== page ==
The interactive “wiki” feature of the site, its distinguishing component, also proved its downfall. I suddenly began to get phone calls from preachers, some angry, some alarmed, “So you’re now in the porn business, Sweet?” Porn sites started embedding links throughout the site and new ones would pop up as soon as we got rid of the old ones. The costs of conducting 24-7 porn patrols became prohibitive. So I shut down the site.
Two of the most creative people in the church today, Thom and Joani Schultz, asked me to help them start up a preaching resource for Group Publishing. For the next six years, I was the chief contributor to PreachingPlus, laboring every week with Cary Dunlap and other creatives to make this a dynamic and cutting edge resource for the church. I enjoyed immensely the “innovation factory” that is the hallmark of the “Group” brand, and not only did they publish the first edition of my “AquaChurch” book; they invested in a series of 6-minute teaching videos, one for each chapter, that were years ahead in chronology and content, but not technology, of Rob Bell’s 10 minute “Nooma” DVD series.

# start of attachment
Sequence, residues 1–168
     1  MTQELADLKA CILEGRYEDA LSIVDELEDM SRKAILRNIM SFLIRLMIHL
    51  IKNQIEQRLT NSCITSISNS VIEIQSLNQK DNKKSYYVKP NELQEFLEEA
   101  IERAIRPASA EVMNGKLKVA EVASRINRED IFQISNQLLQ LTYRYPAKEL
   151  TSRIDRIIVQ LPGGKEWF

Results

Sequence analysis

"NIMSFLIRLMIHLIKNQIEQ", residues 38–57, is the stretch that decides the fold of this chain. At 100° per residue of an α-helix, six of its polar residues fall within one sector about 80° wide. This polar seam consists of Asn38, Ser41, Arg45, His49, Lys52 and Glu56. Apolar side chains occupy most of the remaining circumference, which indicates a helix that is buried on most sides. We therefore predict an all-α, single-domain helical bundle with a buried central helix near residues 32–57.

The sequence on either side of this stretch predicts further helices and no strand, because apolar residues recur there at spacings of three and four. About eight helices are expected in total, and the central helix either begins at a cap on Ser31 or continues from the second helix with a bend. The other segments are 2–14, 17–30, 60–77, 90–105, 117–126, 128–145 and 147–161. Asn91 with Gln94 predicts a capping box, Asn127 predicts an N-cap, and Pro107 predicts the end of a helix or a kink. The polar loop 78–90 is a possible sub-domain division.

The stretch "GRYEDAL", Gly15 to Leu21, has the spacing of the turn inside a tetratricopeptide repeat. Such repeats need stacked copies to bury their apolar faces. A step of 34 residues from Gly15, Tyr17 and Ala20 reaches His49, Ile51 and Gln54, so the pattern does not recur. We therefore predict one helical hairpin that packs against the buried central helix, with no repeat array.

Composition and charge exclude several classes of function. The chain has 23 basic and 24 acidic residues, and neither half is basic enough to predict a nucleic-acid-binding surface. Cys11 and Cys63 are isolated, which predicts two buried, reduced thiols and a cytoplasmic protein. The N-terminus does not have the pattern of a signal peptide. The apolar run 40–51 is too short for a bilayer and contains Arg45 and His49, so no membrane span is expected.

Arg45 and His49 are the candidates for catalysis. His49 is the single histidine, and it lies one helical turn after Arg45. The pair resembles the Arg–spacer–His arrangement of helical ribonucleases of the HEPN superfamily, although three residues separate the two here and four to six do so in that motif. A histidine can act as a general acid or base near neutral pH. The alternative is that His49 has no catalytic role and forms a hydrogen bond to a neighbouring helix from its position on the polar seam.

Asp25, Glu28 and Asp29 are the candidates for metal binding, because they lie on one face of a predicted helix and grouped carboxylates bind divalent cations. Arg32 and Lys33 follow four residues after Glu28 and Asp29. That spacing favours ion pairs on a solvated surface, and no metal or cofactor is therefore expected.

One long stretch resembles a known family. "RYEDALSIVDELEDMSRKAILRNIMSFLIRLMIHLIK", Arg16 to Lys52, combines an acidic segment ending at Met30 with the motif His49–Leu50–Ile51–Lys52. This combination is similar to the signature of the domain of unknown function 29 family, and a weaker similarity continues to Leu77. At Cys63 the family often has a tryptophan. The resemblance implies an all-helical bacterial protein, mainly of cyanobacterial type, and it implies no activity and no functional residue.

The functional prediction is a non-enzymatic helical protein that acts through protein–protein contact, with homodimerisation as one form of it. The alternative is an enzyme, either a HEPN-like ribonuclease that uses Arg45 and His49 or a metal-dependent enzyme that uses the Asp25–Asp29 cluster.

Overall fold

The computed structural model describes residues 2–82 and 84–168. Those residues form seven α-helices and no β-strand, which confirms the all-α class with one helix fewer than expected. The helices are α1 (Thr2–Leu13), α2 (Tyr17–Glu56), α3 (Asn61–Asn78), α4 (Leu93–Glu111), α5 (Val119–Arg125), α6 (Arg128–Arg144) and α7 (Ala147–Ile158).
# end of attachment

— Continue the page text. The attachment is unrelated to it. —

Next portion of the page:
For almost ten years, I wrote weekly sermons and provided illustrative content for sermons.com. As I was thinking about whether to continue my association with sermons.com, it suddenly hit me that in 2015, I would cross a personal threshold: 1500 published sermons. This number is inconsequential in God’s scheme of things, and nothing compared to other preachers from The Cloud like Charles Haddon Spurgeon, whose sermonic output amount to over 3600 sermons and who was used to preaching ten sermons a week. But this personal milestone inspired me to do a couple of things, all of which came to a head in 2015.